ALBANY – New tools could soon be on the way to help members of the law enforcement community combat sexual predators.
With pedophiles and other predators increasingly finding new ways to broadcast obscene images of individuals, often taken without the person’s knowledge or consent, across the internet, Senator Catharine Young (R,C,I- 57th District) has authored legislation that passed the Senate today to punish those who are capitalizing on modern technology to distribute obscene images.
“There is an inherent right to privacy and sexual predators who maliciously obtain obscene images and then distribute them online deserve to face the harshest penalties for their actions,” said Senator Young.
“Once an image has been posted online, it can be nearly impossible to remove and often does irreversible harm to the unsuspecting individual. When an obscene image is taken and posted without the person’s consent, the long lasting pain inflicted can be felt mentally and emotionally, and victims often cannot regain a sense of trust and privacy,” Senator Young said.
Senate Bill 2990 establishes a class A misdemeanor for the dissemination of an unlawfully obtained surveillance image to an internet website, without the consent or knowledge of the person.
“By helping law enforcement keep pace with evolving technology and preventing those with perverse motives from using technology for illicit means, we can account for the growing role the internet plays in our society,” said Senator Young.
Yesterday, the Senate passed four additional bills to create greater protections against sex offenders.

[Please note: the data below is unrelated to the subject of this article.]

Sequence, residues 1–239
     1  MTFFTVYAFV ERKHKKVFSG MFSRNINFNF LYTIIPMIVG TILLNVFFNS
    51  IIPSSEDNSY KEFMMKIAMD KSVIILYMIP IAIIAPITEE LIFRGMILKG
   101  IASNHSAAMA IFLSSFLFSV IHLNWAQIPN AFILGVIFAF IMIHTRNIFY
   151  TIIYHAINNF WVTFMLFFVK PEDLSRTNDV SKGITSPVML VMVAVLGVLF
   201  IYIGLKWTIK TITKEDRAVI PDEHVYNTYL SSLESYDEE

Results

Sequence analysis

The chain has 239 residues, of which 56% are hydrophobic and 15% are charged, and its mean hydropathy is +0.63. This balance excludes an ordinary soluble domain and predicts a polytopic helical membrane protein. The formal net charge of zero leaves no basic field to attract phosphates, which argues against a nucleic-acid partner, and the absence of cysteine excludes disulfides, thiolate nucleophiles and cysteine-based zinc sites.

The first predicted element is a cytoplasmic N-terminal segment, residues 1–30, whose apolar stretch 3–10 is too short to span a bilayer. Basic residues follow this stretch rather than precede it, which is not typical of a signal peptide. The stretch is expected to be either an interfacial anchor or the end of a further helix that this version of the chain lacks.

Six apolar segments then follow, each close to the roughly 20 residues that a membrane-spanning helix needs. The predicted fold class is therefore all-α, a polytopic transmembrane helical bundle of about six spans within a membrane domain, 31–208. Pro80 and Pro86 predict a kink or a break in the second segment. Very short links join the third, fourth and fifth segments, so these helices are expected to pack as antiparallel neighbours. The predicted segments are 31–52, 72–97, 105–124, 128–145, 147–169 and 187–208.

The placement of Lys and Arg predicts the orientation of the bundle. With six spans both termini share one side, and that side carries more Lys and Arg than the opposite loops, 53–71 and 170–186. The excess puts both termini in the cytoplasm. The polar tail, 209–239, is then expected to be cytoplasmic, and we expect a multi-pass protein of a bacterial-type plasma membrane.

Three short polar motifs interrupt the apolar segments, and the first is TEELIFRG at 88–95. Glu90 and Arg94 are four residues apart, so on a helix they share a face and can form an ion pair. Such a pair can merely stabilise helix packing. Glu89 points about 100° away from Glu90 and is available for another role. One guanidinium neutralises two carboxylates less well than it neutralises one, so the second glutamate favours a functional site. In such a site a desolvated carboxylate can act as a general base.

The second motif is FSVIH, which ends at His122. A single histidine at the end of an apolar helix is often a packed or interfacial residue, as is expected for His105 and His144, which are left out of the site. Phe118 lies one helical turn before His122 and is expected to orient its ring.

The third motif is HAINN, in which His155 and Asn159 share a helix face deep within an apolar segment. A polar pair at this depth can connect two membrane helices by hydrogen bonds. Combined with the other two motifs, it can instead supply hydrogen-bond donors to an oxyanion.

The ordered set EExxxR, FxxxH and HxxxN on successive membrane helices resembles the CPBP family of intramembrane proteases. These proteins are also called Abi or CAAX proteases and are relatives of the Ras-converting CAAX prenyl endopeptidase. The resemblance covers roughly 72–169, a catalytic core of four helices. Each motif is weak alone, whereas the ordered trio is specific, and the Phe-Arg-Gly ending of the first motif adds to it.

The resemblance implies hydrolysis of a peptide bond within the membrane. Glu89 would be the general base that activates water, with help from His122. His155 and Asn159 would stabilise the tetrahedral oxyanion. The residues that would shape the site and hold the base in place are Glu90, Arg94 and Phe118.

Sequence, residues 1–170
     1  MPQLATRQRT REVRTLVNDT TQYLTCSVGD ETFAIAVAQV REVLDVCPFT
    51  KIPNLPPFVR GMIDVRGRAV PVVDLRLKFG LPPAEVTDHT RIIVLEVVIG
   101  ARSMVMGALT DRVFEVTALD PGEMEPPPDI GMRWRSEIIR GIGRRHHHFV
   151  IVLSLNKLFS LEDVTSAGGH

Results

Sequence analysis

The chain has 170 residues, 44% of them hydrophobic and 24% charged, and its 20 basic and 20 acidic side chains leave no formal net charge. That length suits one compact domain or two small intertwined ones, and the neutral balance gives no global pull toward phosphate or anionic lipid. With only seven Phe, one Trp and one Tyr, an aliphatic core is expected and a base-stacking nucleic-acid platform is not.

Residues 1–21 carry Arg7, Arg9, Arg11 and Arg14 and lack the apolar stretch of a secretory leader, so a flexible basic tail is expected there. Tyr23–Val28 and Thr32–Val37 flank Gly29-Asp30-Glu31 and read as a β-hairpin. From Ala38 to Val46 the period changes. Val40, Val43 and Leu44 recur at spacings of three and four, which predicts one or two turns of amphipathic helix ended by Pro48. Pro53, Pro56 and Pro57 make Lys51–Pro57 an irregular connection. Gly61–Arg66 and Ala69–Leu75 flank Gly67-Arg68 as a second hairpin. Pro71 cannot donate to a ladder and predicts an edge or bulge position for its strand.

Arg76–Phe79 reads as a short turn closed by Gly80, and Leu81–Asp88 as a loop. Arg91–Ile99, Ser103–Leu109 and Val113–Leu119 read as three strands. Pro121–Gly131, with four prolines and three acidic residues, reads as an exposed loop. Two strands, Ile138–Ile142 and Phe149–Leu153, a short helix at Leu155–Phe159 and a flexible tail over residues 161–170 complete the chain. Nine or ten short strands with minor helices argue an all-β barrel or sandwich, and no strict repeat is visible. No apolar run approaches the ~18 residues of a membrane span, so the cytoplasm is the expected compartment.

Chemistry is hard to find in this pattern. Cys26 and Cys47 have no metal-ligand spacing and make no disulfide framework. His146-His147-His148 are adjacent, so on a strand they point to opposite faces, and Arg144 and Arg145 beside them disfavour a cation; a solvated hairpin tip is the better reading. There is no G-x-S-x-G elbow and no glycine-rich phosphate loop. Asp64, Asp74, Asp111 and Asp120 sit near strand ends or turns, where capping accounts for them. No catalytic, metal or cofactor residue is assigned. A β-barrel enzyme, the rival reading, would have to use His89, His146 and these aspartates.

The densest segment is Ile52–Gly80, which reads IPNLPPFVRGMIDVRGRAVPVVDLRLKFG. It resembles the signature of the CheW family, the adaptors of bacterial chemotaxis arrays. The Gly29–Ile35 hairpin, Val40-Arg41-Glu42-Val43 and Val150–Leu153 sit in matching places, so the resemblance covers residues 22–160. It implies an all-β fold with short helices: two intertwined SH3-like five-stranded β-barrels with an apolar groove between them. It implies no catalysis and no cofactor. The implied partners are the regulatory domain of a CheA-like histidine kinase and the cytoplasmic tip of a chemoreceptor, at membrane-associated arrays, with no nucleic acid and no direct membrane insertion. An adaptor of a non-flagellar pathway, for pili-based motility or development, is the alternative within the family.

Under current law, a felony charge is only applicable if sexual abuse is forced, if the victim is incapable of giving consent, or if the victim is less than 11-years-old. Perpetrators who have sexual contact with victims between ages 11 and 13 are also only eligible for up to one year in prison. Senate Bill 6679 would increase the penalty for sexual abuse in the second degree, from a class A misdemeanor to a class E felony.
Senate Bill 6680 would increase criminal penalties for sexual contact between a minor and a person who is responsible for the health, education, welfare, or supervision of a child, also known as a “person in a position of trust.” The legislation would increase this crime to a violent felony offense.
Senate Bill 5153 requires disclosure and notification to a municipality when a proposed group home or community residence has been selected as housing location for a sex offender. The bill also requires disclosure of the number of residents who are sex offenders.
Finally, Senate Bill 1472a requires the Office of Children and Family Services to deny the license or employment application of an individual if a background check reveals any felony convictions in New York State, or any other jurisdiction, for a sex offense, a crime against a child, or a crime involving violence, or if a conviction for a felony drug-related offense occurred within the past five years.
All five bills have now been sent to the Assembly for action.